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When is the next total solar eclipse? See our dates when the total eclipse of the Sun is visible from the U.S. and Canada.
What is a Total Solar Eclipse?
A total eclipse of the Sun occurs when the Moon passes directly in front of the Sun, blocking out its light. Although the entire eclipse can last a couple of hours, its spectacular total phase lasts only a few minutes.
The chances of observing a total solar eclipse from your backyard are very rare; Totality exists only along a narrow path on Earth’s surface.
At any one spot on Earth, a total eclipse occurs only once every 385 years, on average!
Mark these solar eclipse dates on your calendar so you don’t miss any of this century’s spectacles!
Total Solar Eclipse Dates Visible from U.S. and Canada
August 21, 2017. Made a 185-mile-wide shadow across the continental United States from west to east. It was called the Great American Eclipse. See some of our total eclipses articles highlighting this rare event!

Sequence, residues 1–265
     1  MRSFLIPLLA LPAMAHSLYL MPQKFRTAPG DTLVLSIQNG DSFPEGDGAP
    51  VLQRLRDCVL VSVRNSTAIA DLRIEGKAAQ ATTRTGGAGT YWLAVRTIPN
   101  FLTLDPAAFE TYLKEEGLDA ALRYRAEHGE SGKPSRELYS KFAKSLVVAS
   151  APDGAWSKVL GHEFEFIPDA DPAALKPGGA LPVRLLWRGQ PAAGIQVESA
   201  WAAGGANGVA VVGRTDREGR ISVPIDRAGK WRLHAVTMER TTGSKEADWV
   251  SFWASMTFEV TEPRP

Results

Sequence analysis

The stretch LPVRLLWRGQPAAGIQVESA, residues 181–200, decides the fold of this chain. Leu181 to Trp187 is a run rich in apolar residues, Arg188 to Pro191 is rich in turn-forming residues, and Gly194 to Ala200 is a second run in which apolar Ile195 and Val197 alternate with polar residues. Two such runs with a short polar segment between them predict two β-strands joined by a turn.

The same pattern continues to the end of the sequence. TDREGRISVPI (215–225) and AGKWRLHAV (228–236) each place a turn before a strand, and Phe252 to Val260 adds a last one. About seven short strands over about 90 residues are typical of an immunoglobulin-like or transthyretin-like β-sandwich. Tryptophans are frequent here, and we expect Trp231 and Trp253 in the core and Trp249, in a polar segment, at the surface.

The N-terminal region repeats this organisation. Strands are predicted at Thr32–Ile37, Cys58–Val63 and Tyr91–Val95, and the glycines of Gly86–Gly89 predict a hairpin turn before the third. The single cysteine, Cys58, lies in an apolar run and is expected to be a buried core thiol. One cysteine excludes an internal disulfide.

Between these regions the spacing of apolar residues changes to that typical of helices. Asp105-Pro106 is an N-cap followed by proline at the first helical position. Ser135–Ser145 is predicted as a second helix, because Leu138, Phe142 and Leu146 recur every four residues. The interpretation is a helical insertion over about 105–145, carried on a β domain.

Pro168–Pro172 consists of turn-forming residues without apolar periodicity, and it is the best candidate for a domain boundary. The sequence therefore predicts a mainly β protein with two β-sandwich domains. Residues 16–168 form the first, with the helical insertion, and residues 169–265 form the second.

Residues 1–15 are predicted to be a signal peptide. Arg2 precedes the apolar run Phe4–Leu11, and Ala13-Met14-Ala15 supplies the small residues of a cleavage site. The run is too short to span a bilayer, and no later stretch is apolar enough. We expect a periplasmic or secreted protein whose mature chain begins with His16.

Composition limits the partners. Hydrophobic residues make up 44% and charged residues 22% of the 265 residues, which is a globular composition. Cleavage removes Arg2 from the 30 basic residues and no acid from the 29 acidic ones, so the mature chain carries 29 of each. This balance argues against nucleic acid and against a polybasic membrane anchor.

April 8, 2024. The next total eclipse for North America will come on April 8th. Totality will be visible in a narrow strip, moving from Mexico in a northeasterly direction through Texas up to Maine and through southeast Canada.
August 23, 2044. Begins at sunrise on the Montana border and move through the Canadian Prairie provinces toward the North Pole.
August 12, 2045. The longest total phase in U.S. history—6 minutes, crossing from west to east!
May 11, 2078 and May 1, 2079. These two solar eclipses will both be visible in the United States. In Canada, the second one will be visible only in the Maritime provinces.
September 14, 2099. Visible in the north-central and mid-Atlantic states, and southwestern Canada.
Tip: Never stare at the Sun without proper eye protection! You could cause permanent harm to your eyes.